“Two factors really drove the cryptojacking decline last year,” Conner said. “One was the decline in bitcoin value, but the other was that it was really driven by two families of malware, and once they were signatured by the industry, that lowered the impact. Now it has come back a little, not just because the value of bitcoin has come back, but because there are now more variants coming out again, as well as more cryptocurrencies other than bitcoin.”
Conner acknowledged that there is a lot of customer frustration, because with the complexity of the malware ecosystem as attackers constantly change and refine tactics, customers are still trying to get the lexicon down and understand all the issues involved.
“There is so much malware and so many attacks they don’t really understand,” he said. He made reference to the spike in malware attacks through non-standard ports, which were a quarter of the total number in May 2019.
“There is so much traffic coming through non-standard ports, and half the people at an event I was just at in Europe didn’t even know what a non-standard port is,” he said. “Three-quarters of traffic comes in as encrypted and they don’t know that.”
SonicWall has evolved to offer a layered security platform capability and Conner said that today, that simply trumps a profusion of best-of-breed products.
“You have 800 vendors who promise a silver bullet, but you need a layered security strategy,” he said. “If you have a string of pearls from different vendors, you are responsible for the seams. You need it all under a single pane of glass. It’s not about having a better silver bullet. It’s about getting them from the same gun. That’s why we have built our platform to stand behind all our products. With our 162 million lines of code, I believe in less seams, especially in our traditional market outside the enterprise. They don’t have the resources.”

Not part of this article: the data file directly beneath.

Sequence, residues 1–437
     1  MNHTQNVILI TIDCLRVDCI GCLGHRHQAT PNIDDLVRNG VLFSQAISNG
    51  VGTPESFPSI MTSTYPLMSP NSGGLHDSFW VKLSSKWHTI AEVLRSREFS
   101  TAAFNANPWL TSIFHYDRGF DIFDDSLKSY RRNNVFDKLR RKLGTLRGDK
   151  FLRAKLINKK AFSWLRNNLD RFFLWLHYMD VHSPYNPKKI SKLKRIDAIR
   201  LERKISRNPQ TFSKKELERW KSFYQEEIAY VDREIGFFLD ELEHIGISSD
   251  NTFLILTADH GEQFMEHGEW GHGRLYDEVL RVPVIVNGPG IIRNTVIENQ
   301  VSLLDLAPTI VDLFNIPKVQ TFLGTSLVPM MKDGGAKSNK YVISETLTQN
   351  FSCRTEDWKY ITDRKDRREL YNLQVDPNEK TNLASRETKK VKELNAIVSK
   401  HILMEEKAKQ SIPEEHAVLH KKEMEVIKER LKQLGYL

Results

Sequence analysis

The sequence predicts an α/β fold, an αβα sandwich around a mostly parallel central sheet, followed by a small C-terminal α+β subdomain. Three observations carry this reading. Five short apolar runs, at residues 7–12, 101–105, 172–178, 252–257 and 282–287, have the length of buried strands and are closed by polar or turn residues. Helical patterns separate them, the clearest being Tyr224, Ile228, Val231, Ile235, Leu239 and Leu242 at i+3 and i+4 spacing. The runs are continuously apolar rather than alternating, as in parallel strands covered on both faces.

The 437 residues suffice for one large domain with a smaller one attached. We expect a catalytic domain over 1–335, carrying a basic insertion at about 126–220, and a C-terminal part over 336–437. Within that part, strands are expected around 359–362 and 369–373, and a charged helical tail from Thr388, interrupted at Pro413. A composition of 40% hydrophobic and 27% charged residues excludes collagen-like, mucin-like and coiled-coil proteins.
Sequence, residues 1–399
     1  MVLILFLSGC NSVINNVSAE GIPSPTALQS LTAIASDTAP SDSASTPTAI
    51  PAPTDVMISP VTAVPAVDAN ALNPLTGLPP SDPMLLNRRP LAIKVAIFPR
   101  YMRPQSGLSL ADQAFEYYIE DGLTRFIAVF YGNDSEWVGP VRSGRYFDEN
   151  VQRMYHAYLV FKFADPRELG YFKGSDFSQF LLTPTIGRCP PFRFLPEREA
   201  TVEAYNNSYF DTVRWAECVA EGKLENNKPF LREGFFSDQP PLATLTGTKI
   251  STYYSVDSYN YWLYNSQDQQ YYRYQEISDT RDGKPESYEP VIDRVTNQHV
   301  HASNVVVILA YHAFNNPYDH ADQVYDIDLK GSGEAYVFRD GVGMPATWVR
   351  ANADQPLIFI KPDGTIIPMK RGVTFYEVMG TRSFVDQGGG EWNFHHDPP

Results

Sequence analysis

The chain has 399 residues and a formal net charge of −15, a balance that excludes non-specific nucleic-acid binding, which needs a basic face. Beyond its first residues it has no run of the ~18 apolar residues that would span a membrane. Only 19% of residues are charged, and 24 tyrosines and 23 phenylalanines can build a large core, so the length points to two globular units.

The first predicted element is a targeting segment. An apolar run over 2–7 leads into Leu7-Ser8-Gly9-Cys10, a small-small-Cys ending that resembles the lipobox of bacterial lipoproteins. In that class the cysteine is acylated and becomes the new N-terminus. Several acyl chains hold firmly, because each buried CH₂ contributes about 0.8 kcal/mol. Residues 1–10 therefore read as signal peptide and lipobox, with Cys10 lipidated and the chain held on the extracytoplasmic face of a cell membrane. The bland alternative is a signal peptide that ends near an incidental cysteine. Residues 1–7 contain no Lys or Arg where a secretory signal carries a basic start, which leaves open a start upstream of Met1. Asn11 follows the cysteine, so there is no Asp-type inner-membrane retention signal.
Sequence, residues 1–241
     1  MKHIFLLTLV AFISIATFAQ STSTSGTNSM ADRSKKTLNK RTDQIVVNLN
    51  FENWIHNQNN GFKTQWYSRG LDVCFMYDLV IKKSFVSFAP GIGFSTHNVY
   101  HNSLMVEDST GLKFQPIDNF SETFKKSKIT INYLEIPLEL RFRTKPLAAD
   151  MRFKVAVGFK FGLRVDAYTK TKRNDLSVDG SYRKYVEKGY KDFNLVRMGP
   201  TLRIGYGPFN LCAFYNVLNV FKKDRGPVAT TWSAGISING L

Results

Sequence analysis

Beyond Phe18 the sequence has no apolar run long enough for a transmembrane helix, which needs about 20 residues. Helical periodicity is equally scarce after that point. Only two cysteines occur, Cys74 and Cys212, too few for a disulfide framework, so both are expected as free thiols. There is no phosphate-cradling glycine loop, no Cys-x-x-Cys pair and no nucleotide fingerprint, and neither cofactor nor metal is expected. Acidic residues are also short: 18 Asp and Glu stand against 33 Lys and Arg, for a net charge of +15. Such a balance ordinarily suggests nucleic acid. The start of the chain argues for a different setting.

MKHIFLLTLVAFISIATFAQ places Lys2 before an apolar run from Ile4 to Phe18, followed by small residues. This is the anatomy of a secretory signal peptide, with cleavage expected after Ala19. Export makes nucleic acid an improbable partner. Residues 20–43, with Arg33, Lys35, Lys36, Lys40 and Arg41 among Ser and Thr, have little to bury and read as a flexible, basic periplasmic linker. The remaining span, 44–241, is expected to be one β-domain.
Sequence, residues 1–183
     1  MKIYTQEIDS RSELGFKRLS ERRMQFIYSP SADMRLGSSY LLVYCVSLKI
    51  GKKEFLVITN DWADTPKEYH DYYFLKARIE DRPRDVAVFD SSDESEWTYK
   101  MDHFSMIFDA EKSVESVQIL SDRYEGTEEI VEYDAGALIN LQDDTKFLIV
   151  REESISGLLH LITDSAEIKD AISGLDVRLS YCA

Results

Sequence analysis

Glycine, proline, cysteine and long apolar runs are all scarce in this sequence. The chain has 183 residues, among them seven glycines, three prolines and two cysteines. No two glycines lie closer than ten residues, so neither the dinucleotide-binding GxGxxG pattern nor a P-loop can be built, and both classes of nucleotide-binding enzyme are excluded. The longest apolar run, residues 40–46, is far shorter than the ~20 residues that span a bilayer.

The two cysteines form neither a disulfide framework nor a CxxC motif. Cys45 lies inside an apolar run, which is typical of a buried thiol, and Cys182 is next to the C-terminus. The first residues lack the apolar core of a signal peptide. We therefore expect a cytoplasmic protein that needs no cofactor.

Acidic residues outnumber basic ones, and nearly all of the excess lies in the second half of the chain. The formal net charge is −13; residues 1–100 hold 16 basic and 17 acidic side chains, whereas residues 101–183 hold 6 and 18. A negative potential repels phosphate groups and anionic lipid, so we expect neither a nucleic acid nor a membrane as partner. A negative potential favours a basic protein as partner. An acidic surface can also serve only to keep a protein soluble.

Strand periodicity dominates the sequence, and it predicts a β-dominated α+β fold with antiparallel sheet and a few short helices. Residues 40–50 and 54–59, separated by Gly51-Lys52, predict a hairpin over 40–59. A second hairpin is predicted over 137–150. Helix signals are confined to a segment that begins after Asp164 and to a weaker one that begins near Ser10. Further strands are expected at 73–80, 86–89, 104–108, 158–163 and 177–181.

Conner has made a priority of developing SonicWall’s strength beyond the SMB and midmarket into the enterprise, something the company has had as a stated goal for years, without an enormous amount of success. They are still a distant fifth in the enterprise space. Strengthening SonicWall in the enterprise and midmarket was the object of their Direct Touch strategy introduced a year ago that was designed to supplement their 100 per cent channel strategy with more SonicWall salespeople to work with partners, while presenting a SonicWall-faced alternative to customers who want to work with a vendor directly.
“The reaction of partners to Direct Touch has been very positive,” Conner said. “We probably put 100 salespeople into the company in the last year, and a lot of that was on the channel side. We are still 100 per cent channel, but in some of the midmarket and enterprise, there are customers, like government, who want to talk to me. They want to hear from the manufacturer. Direct Touch is our commitment to do that. But we have 18,700 partners and we rely on each other, and we aren’t going to jack with that. This is designed to help us grow from Number Five in the enterprise.”